The 13th-ranked Ole Miss Rebels and Tennessee Volunteers are set for a Saturday night cross-conference shootout in front of a sell-out crowd inside Neyland Stadium. There should be no shortage of fireworks in this prime-time matchup between two of college football’s most explosive offenses.
Adding to the intrigue and the animosity, Lane Kiffin returns to Rocky Top for the first time as an opposing head coach on Saturday night. Kiffin served as Tennessee’s head coach for one season before his abrupt and shocking departure for USC back in 2010. A move that prompted chaos in the streets of Knoxville at the time, and a big reason why many Vol fans still hold great disdain for Kiffin to this day.
Nevertheless, the Lane Train is on its way! And Kiffin has the Rebels riding high following last Saturday’s thrilling 52-51 win over SEC foe Arkansas in Oxford. The Razorbacks failed to convert a potential game-winning two-point conversion as time expired, allowing Ole Miss to survive the back-and-forth affair. The win helped the Rebels improve to 4-1 overall and 2-1 in the SEC, with their only loss this season coming on the road against Alabama.
Tennessee and first-year head coach Josh Heupel are riding their own wave of momentum after securing back-to-back conference wins in blowout fashion over the last two weeks. The Vols followed up a 62-24 thrashing of Missouri in Week 5, with an impressive 45-20 victory over South Carolina last Saturday in Knoxville. Tennessee racked up 472 yards of offense and scored 28 straight points in the first quarter on its way to an easy win against the Gamecocks. Now sitting at 4-2 overall and 2-1 in SEC play, the upset-minded Vols will turn their attention to Ole Miss for the first of a brutal four-game gauntlet against SEC teams that are all ranked in the top 15.
Tennessee holds a 44-19-1 lead in the all-time series against Ole Miss. The Rebels won the most recent meeting back in 2014 by a score of 34-3, but that win was vacated as a result of NCAA sanctions. The Vols and Rebels last faced off in Knoxville in 2010, resulting in a 52-13 win for Tennessee. Saturday night will mark the third meeting ever between Kiffin and Heupel as head coaches. Heupel’s UCF squad defeated Kiffin’s FAU Owls in both 2018 and 2019.
No. 13 Ole Miss at Tennessee
Kickoff: Saturday, Oct. 16 at 7:30 p.m. ET
TV: SEC Network
Spread: Ole Miss -2.5
When Ole Miss Has the Ball
Quarterback Matt Corral is the engine behind a high-powered offense that averages an SEC-best 521.6 yards and 46.2 points per game. Corral has been nothing short of spectacular this season, completing 69.2 percent of his pass attempts for 1,497 yards with 12 touchdowns and no interceptions, averaging an SEC-best 10.3 yards per pass attempt. The Heisman hopeful also has been phenomenal with his legs. Corral has rushed for 255 yards and is tied for the SEC lead in rushing touchdowns with eight. Dontario Drummond (26 rec., 460 yds., 5 TDs) and Braylon Sanders (12, 292, 3) provide a strong one-two in the receiving corps. Drummond leads the SEC in receiving yards per game (92) and ranks second in touchdown catches with five. Meanwhile, Sanders has stepped up to fill in for the injured Jonathan Mingo and now leads the SEC in yards per catch (24.3).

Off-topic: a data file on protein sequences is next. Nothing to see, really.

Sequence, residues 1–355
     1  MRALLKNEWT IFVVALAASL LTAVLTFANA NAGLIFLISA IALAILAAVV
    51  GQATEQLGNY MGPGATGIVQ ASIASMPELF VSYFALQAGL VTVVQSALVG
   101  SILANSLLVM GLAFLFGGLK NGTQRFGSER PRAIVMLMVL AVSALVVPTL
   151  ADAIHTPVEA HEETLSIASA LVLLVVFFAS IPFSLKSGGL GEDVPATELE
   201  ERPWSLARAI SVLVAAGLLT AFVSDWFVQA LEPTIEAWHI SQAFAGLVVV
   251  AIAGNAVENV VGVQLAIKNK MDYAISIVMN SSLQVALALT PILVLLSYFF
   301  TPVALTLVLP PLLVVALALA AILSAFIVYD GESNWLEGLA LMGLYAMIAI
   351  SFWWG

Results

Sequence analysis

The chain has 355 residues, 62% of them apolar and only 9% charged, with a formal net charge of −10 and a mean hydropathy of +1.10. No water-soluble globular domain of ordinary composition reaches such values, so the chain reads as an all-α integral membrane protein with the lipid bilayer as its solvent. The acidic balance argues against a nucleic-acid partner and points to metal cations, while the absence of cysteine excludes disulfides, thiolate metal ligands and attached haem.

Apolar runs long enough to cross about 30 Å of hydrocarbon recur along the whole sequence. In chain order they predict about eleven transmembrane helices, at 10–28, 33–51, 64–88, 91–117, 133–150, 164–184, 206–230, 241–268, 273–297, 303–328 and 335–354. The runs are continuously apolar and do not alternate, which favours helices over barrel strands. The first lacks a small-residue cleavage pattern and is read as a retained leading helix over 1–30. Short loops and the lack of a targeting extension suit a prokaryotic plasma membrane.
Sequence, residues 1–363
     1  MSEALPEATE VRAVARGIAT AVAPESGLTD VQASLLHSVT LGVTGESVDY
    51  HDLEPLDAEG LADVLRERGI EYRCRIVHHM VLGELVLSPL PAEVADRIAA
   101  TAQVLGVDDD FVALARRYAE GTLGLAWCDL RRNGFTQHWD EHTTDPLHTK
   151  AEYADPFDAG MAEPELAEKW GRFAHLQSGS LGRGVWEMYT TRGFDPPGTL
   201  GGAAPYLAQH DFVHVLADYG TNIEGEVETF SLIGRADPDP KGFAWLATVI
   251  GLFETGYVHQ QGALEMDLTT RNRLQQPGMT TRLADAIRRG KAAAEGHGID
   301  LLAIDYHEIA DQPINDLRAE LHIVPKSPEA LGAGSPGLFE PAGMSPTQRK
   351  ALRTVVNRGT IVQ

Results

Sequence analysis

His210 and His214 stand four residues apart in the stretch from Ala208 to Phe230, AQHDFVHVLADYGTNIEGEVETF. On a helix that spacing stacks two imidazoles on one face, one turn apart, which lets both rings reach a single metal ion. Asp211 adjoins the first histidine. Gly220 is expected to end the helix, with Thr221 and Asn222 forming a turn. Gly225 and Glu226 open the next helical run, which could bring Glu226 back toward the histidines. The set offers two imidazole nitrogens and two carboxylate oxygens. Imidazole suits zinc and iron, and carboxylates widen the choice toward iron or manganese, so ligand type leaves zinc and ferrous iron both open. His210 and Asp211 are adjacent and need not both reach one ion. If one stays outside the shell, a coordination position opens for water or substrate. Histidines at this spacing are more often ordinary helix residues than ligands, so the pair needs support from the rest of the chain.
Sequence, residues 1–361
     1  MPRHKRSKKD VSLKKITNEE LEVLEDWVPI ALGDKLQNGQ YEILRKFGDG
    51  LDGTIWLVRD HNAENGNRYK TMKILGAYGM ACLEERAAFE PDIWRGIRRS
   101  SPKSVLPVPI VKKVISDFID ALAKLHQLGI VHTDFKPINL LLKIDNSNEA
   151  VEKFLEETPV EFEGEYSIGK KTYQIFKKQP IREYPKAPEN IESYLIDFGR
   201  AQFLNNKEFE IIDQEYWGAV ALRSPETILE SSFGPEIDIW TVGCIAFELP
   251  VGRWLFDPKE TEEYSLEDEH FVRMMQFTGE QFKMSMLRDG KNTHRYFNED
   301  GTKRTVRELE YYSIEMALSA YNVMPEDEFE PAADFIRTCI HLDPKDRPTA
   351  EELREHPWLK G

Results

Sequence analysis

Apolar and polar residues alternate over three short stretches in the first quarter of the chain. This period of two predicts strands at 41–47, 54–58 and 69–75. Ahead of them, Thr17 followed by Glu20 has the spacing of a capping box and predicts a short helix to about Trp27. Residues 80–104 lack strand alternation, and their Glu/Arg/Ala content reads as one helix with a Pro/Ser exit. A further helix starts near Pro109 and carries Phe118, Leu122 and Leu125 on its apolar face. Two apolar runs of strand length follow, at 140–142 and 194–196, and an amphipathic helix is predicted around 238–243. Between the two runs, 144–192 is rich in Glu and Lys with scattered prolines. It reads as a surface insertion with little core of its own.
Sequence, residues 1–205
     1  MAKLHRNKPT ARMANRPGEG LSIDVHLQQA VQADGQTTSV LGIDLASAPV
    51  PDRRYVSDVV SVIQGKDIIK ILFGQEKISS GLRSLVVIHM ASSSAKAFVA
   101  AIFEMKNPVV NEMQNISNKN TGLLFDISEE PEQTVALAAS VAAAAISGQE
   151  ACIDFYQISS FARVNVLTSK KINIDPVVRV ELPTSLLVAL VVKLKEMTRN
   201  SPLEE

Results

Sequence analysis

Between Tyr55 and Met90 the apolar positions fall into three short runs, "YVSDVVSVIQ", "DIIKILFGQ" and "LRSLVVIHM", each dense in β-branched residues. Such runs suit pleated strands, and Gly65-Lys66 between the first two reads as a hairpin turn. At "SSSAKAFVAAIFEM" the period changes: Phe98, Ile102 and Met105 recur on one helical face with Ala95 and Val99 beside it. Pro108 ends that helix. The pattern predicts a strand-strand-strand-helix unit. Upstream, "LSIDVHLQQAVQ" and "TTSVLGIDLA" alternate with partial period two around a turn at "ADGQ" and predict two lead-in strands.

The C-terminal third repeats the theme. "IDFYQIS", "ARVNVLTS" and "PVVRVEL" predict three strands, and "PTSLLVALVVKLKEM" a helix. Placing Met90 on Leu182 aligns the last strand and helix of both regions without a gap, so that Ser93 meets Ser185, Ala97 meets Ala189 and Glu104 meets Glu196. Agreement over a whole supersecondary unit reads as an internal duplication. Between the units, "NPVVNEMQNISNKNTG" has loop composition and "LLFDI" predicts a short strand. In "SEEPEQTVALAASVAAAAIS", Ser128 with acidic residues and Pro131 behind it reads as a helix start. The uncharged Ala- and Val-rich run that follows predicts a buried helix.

As per usual, the Ole Miss passing attack should have the edge against a Tennessee defense that has been somewhat generous through the air, giving up 232.2 passing yards per game. That said, the Volunteers are no pushover, ranking a very respectable 29th nationally in terms of yards allowed per pass attempt (6.4). The Vols also lead the SEC in passes defended with 33 and have just as many interceptions as touchdown passes allowed (seven each). Safety Jaylen McCollough leads the Vols with three interceptions.
One of the more intriguing matchups will come in the trenches. The Ole Miss offensive line has been strong in pass protection, allowing only eight sacks in five games. But the Rebels will be put to the test against a solid Tennessee defensive front that accounted for four sacks just last week against South Carolina. Linebacker Jeremy Banks has 3.5 sacks on the year to lead the Vols.